From a significant increase in work hours to escalating demands at home, the COVID-19 pandemic introduced a heightened level of stress in nearly all facets of life for many individuals on a global scale. Heading into the third year of the pandemic, burnout and stress are even more prevalent in the lives of working Canadians across every industry, however, healthcare professionals have been a group who have undeniably been impacted the most at large. Now more than ever, industry leaders should face this issue and create a more supportive environment for all.
Factors such as exhaustion, burnout, and maltreatment as well as an estimated 41,566 deaths in Canada as a result of COVID-19 have placed immense pressure on the country’s workforce of healthcare professionals.
Burnout among healthcare professionals was already prevalent before the onset of the pandemic
Even prior to the onset of the COVID-19 pandemic, healthcare professionals were already being impacted by high levels of stress and burnout. In fact, according to a survey conducted by the Canadian Medical Association (CMA), in 2019, nearly 1 in 5 physicians (19 per cent) went into work at least five times, in the previous year, while feeling physically ill or distressed. Additionally, 53 per cent of the survey’s respondents indicated they were dissatisfied with the efficiency and resources in their workplace.
Although the phenomenon of “clinician burnout” is not a new concept, its risk factors have been exacerbated throughout the pandemic, resulting in an urgent need for intervention.
The onset of the pandemic accelerated the rate in which healthcare professionals are burning out
With the onset of COVID-19, healthcare professionals have been more exposed to physical and mental exhaustion for the criticism of difficult decisions, the heavy workload placed on their shoulders, the grief of losing coworkers and patients, as well as the risk of infection, for themselves and for their family members.
A study in 2020, funded by MI4 (McGill Interdisciplinary Initiative in Infection and Immunity) and led by the Faculty of Medicine and Health Sciences revealed that amongst the respondents 50 per cent of nurses and 20 per cent of physicians expressed intentions to quit their jobs.
When hospitals face major staffing shortages, it is not business as usual. With more professionals leaving Canada’s healthcare industry due to burnout in combination with staff being unable to show up for shifts due to catching COVID-19 themselves, we are seeing a lack of proper staffing infrastructure, which in turn impacts the way care should be delivered in Canada.
A pathway forward that better supports healthcare professionals in Canada
As more clinicians are feeling the impact of the last few years of upheaval, healthcare leaders must begin to identify new, innovative ways to help address burnout and make meaningful and sustainable changes to protect providers’ mental health. Although the roadmap to improving healthcare professionals’ experience will require ongoing listening, evaluation, and action, we have identified some areas that constitute a good starting point:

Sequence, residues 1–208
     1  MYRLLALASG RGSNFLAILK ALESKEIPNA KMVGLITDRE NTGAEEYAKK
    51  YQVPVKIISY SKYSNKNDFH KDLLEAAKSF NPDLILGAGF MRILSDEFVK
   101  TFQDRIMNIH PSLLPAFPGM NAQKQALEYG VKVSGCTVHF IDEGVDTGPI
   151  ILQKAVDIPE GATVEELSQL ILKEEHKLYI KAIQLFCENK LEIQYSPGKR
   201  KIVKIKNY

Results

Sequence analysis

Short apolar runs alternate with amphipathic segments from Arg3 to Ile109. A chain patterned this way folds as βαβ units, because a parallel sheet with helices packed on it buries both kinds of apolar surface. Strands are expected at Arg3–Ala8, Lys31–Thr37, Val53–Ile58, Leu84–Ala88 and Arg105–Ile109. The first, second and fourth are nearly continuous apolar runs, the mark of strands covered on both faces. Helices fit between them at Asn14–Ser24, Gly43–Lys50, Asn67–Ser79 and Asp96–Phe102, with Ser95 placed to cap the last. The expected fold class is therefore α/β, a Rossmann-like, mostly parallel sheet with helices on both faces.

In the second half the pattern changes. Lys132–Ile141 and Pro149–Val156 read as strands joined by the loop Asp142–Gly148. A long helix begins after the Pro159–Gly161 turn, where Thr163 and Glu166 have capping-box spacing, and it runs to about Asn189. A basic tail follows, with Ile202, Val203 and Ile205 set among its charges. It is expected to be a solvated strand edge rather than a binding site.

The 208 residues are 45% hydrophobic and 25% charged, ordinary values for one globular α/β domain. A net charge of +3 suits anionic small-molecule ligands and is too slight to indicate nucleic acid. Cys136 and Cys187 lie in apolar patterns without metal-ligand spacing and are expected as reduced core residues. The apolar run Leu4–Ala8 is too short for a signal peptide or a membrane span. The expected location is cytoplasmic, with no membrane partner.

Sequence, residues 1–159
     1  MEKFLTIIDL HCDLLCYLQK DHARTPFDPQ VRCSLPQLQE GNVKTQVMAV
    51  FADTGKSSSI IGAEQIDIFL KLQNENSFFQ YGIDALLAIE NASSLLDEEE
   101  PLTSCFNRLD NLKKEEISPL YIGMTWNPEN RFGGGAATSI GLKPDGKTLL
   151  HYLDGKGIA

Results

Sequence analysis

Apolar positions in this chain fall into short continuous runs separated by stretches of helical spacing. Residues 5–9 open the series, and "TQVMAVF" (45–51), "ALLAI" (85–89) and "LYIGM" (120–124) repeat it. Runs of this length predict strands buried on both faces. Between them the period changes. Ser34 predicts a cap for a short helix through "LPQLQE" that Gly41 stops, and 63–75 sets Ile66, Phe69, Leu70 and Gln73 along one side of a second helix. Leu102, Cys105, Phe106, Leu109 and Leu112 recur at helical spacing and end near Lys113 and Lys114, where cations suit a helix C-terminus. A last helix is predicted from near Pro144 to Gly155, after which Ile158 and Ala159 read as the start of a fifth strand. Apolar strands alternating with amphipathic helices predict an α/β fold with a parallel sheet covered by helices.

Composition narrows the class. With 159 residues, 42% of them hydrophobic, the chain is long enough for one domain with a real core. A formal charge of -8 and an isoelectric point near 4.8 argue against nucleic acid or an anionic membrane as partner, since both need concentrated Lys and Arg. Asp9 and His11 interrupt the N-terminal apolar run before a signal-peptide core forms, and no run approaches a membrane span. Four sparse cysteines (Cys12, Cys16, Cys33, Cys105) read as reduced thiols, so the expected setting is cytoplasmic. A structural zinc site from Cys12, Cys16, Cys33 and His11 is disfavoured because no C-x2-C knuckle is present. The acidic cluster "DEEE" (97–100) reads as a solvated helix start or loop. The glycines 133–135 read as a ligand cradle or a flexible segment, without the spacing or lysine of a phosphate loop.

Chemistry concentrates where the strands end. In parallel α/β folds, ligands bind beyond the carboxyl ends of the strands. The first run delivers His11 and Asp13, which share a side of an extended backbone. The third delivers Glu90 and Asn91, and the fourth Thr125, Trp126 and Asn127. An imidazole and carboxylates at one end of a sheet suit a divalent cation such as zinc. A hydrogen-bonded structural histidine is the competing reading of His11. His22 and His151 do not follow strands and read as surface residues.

Ensuring decision makers work more closely with stakeholders in Canada’s healthcare ecosystem to have a better understanding of clinicians’ experiences, to begin to improve and develop policies for the wellness of healthcare workers in Canada both in the short and over the longer term.
Developing and implementing programs which focus exclusively on the post-traumatic stress disorder (PTSD) symptoms of healthcare professionals, to help them more effectively cope with the current crisis, improve their mental health, and reduce their PTSD as a result of the COVID-19 pandemic.
Reducing administrative burdens by introducing and implementing innovations in health technology to better support healthcare professionals in managing their day-to-day responsibilities.
Promoting the aspect of “wellness” to address burnout early on in professional development, through educational institutions collaborating with healthcare organizations to ensure efforts to prevent burnout are coordinated across both the work and learning environments.
Conducting more research in Canada to identify the various learning environment influences and work system factors that increase the likelihood of clinician burnout. Most importantly, this research should strive to understand the impacts of burnout among various groups within Canada's healthcare ecosystem, to better treat burnout within select health professions.
Reducing the overall stigma and barriers associated with clinicians and learners getting the necessary support to prevent and treat symptoms of burnout, while also prioritizing facilitating proper recovery from burnout. Healthcare organizations, licensure boards, and other external organizations must work to eliminate this stigma and ensure that the expectations and responses they provide to clinicians do not penalize them for seeking out help.
In a long-lasting pandemic, it is critical to think about the short and longer-term impacts on clinicians and to put interventions in place both during and after the immediate crisis period. It is now time for healthcare leaders in Canada from every sector, to have an open discussion and begin working together to identify the greatest pain points for healthcare professionals to implement a roadmap that aims to lessen the impact of burnout. Our healthcare professionals continue to work tirelessly to take care of us. It is now time for us to step up to the plate and offer them our support.
Our team of experts at NATIONAL can help you start a dialogue to drive changes and deliver results. We would love to hear from you.
——— Samantha Thompson is a former Senior Consultant at NATIONAL Public Relations
——— Jennifer McEvoy is a former Senior Vice-President and Practice Lead, Healthcare at NATIONAL Public Relations